The problem that simplicity brings more risk to a company’s networks. Since deception technology has to live inside the main network, there is always the chance that hackers who are inside could get their hands on the company’s real assets instead of its decoys. The way to deal with this issue is to couple a deception system with more traditional defenses like firewalls, encryption, anti-malware solutions and authentication systems. The goal of solutions like this is to keep attackers out of your networks in the first place.
CIOs need to realize that defenses like deception technology are only one component of a complete security strategy. This new technology is more widespread than many assume, especially in highly regulated industries like banking, insurance and government. CIOs have to realize that attackers are both agile and fast. They have been adapting to the new-normal and are taking advantage of remote workers and new security gaps. When a company’s security analysts can focus on real threats that have been detected through deception technology, they end up wasting less time chasing false alarms. Every CIO realizes that a quicker response means reduced potential loss.
What All Of This Means For You
One of a CIOs most important jobs is to keep the company’s networks secure. This task is made all the more difficult by the number of people who attempt to break into a network and the rapid advance of technology that they can use to do so. Although many defenses may have been put in place to keep the bad guys out, there is always the possibility that they will be able to breech your walls. If they get in, you are going to need to have some additional defenses. deception technology might be just what you are looking for.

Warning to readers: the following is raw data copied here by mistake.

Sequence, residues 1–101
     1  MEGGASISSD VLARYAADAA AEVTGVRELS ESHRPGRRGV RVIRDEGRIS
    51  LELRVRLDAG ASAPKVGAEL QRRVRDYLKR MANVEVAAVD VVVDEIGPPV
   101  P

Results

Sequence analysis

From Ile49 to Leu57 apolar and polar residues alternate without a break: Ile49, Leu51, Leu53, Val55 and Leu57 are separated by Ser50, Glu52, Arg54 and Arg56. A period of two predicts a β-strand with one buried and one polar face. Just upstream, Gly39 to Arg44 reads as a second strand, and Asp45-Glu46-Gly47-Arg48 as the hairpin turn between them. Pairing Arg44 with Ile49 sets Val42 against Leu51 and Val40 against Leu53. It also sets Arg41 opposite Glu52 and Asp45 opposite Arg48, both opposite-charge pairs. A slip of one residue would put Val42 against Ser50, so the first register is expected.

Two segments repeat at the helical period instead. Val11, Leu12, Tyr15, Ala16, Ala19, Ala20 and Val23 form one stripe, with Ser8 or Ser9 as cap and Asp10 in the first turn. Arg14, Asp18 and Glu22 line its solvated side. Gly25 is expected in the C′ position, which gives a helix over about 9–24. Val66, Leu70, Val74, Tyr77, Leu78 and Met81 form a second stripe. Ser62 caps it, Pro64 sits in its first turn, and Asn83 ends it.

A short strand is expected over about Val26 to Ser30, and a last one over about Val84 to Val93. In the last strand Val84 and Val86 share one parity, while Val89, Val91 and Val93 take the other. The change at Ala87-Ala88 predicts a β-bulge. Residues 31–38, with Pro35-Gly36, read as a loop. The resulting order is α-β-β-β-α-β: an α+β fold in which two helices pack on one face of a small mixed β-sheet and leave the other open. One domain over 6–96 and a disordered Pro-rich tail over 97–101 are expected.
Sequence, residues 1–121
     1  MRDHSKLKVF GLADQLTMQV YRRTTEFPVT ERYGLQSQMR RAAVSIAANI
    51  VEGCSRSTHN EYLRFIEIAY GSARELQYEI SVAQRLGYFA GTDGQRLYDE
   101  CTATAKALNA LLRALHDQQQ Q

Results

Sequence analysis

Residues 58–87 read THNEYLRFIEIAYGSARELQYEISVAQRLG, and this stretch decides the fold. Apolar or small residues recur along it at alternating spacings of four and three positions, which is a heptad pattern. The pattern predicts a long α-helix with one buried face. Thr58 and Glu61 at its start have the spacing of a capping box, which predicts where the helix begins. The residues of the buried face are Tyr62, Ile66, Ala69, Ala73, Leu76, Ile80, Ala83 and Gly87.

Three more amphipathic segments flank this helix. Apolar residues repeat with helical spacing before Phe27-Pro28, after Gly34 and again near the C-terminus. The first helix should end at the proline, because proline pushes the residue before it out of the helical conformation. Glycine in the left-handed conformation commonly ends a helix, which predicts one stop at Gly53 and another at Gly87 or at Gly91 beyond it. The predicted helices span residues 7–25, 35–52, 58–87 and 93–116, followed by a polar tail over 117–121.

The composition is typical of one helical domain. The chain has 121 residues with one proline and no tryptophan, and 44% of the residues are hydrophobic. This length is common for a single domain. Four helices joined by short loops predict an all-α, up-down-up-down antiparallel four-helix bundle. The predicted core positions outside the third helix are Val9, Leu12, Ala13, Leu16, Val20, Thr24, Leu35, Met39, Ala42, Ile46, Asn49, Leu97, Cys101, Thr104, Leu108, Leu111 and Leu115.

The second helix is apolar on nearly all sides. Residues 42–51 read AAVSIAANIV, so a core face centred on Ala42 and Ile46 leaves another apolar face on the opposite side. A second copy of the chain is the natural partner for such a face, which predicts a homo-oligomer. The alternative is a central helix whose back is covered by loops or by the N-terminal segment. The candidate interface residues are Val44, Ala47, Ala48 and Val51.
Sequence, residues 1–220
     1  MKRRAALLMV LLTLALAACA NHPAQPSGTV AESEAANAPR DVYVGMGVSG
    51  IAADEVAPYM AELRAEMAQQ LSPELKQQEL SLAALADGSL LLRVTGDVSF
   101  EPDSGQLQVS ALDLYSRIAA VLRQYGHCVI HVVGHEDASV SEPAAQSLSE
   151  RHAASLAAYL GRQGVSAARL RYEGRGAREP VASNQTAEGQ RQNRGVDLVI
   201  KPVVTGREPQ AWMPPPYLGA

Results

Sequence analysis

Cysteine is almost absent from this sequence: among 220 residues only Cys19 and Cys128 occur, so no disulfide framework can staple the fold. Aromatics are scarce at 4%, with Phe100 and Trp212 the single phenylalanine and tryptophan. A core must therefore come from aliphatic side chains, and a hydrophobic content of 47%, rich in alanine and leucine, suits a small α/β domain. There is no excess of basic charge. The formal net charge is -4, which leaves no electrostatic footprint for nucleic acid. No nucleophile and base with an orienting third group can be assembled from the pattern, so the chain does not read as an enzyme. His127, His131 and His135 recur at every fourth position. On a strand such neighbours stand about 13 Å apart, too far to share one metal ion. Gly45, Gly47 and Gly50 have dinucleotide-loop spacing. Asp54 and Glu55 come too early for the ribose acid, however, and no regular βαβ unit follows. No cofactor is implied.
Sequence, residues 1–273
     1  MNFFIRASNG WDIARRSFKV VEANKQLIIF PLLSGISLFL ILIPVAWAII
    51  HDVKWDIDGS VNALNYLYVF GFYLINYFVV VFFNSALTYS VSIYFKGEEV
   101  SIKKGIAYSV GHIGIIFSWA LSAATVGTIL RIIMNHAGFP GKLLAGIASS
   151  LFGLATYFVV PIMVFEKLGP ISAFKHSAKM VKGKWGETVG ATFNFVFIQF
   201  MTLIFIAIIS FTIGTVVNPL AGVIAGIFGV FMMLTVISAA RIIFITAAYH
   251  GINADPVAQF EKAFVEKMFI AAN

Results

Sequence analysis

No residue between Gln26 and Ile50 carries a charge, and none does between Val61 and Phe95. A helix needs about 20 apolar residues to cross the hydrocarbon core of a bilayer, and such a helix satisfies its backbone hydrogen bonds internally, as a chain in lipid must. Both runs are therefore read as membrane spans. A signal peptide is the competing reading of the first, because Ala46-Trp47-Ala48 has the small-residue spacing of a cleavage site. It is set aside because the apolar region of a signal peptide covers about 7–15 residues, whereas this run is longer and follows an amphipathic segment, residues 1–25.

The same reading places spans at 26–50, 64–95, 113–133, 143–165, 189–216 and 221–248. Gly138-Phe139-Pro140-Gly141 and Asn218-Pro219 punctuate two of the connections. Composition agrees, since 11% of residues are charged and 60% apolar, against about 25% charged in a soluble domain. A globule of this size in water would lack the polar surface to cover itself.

Deception technology allows a CIO to set traps for hackers who have broken into their networks. The technology deploys an array of decoys and booby traps throughout a company’s networks which once accessed or probed in any way alerts the network security team. This new technology won’t keep hackers out of your network, but it may provide you with a way to deal with them once they have found their way inside. Honey pot solutions have been deployed to do the same thing, but they are costly and may not provide the same level of security. Deception technology allows CIOs to stop hackers in their tracks. This new technology should be deployed in conjunction with existing security services that are designed to keep the hackers out.
The security threat landscape is constantly changing. CIOs understand this and we are always looking for new ways that we can adapt to new threats. The arrival of deception technology presents us with a formidable new weapon to use in securing our networks. We need to understand what we can do with this tool and what role it can play in our total security plan. Our networks may not be completely secure, but we now have one more tool that we can use to capture the bad guys if they get in.
Question For You: What action should a security team take if an intruder is detected in the network?
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What We’ll Be Talking About Next Time
CIOs send a great deal of our time trying to secure the company’s networks. We invest in firewalls, two-factor authentication systems, and lots and lots of training for everyone in the company. However, nothing is ever perfect and despite our best efforts, there is still the possibility that hackers are going to be able to successfully gain unauthorized access to our networks. If that happens, CIOs are going to have to make some decisions about how they want to react. Lashing out at our staff whom we blame for allowing the breech to happen is one possibility, but probably not the best idea. What should a CIO do after the worst has happened?